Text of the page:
Vaccinate Your Baby

Varicella/Chickenpox

Click on the photo above to open the Varicella (Chickenpox) page from the Vaccine-Preventable Diseases eBook!

The Disease

Varicella, commonly known as chickenpox, is a highly contagious disease caused by the varicella-zoster virus (VZV). It causes a blister-like rash, itching, tiredness, and fever. Although people usually think of chickenpox as a mild disease and a "rite of passage" for all children, the disease can be very serious and even deadly. People at high risk for severe illness and complications from chickenpox include infants, adolescents, adults, pregnant women, and people with weakened immune systems.

Chickenpox spreads easily from infected people to others who have never had chickenpox or received the chickenpox vaccine. The virus spreads in the air through coughing or sneezing, and by touching or breathing in the virus particles that come from chickenpox blisters. A person with chickenpox is contagious 1-2 days before the rash appears and until all blisters have formed scabs. Once the virus is in the body, it remains there for life and may reappear as shingles, a painful disease most often seen in adults over 60 years old.

Ten to twenty percent (10-20%) of pregnant women who get chickenpox will develop pneumonia and their chance of dying is as high as 40%. Learn more about the dangers of varicella to pregnant women. Newborns whose mothers develop chickenpox rash from 5 days before to 2 days after delivery are at risk for chickenpox shortly after birth, with the chance of death as high as 30%.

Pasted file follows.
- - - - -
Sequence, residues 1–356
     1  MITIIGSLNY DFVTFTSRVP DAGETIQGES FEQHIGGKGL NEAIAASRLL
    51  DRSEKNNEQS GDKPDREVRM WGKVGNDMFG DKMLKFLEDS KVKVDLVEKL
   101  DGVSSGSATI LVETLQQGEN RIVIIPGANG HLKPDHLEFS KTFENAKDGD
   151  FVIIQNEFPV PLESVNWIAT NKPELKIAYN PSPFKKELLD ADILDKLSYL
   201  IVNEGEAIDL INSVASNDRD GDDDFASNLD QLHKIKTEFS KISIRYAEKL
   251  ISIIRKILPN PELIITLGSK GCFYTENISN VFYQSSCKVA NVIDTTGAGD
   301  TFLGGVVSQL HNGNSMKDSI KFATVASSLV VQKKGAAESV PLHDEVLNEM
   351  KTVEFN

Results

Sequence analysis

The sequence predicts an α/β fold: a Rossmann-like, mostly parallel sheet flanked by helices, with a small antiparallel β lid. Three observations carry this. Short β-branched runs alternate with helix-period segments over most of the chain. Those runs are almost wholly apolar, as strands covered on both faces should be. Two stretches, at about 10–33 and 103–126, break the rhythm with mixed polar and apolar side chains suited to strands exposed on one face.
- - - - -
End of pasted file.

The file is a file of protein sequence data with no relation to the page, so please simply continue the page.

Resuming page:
The Statistics

Before the chickenpox vaccine, approximately 4 million people in the U.S. got sick with the disease each year. About 10,600 people were hospitalized, and 100 to 150 died every year as a result of chickenpox.

Since the chickenpox vaccine was licensed in the U.S. in 1995, the number of people who get chickenpox as well as hospitalizations and deaths from the disease has declined dramatically.

The Vaccine

The varicella vaccine protects against chickenpox. For the best protection, 2 doses are needed. The first dose is given to children between 12-15 months of age, and the second dose is given between 4-6 years of age. The MMRV vaccine (combined measles, mumps, rubella, and varicella) is also available.

All adults who never had chickenpox and haven't been vaccinated against the disease need 2 doses of vaccine.

All women considering pregnancy should talk to their doctor to determine if they are protected against chickenpox. If they are not protected, women should get vaccinated at least one to three months before becoming pregnant. Pregnant women should not get the chickenpox vaccine.

Some people who have been vaccinated against chickenpox can still get the disease. However, the symptoms are likely to be milder with fewer blisters, and mild or no fever.

Additional Resources

 

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